# The concrete use case

We have three type of people working with us, the workers, the clerks and the consultants. The latter we leave out of the equation because they are not subject to labour laws, they have specific contracts with the employer.

## The intermediate solution to have something

I clicked together the solution as you see below by adding an extra column and selecting the right option. In this case this is possible, but once you run into a more complex set up, it no longer holds.

## Step 01

Before I could test the remainder function I had to define the list of items. Below how that goes. We limit the list by the length of the working day (in our case 8 hours, but if you live in an other country it can be 9 hours or 7.6 hours or 7.2 hours) and what I did next is in the light of what follows not really necessary, I also limited the list by the min take off value. I assumed this would be important, but this is wrong.

## Step 02

We evaluate this list using the `Remainder()` function. Below how I evaluated each item in the list, using a virtual sequence logic to run over every item in step 01 bringing `ForEach()` into play.´Although the min time off is formatted as Duration, I still had to apply `ToHours()` to make it work. I only got this by testing and trying.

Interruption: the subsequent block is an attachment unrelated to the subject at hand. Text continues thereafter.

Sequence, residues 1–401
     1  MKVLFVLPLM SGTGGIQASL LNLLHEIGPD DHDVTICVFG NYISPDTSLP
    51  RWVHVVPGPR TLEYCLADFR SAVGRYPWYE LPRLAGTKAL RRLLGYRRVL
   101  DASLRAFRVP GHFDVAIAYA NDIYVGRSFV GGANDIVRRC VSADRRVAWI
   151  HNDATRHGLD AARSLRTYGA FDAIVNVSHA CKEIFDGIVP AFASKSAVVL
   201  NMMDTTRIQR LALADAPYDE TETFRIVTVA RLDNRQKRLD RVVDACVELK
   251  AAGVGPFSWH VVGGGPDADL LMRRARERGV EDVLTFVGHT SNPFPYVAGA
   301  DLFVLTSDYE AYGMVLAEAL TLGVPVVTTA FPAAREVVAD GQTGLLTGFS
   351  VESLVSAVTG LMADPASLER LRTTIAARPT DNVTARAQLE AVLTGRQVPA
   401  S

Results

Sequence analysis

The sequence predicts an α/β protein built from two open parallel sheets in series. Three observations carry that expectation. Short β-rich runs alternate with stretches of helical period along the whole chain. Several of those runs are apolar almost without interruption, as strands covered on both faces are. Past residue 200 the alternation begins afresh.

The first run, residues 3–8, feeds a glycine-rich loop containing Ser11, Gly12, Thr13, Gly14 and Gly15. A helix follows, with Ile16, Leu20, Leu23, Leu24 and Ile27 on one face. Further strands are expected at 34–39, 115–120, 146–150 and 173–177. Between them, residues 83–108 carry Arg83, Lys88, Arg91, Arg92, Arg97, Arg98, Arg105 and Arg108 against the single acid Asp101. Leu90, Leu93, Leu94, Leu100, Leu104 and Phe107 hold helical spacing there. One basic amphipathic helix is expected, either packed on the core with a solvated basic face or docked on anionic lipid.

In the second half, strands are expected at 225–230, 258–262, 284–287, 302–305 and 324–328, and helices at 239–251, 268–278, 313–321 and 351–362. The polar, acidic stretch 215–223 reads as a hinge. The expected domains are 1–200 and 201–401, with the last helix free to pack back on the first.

## Step 03

This preparation was necessary to see the Remainder logic in action and only functioning with the `ToHours() `at the end. Step 03 is to add a filter that only accepts values that have zero as remaining value:

## Step 04

In previous blogs on lookups I wrote already:

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## More from Christiaan Huizer

I use Coda mainly for (HR) planning & (budget) calculations. Follow me to learn how to Coda with numbers. I blog at least once per week.

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I use Coda mainly for (HR) planning & (budget) calculations. Follow me to learn how to Coda with numbers. I blog at least once per week.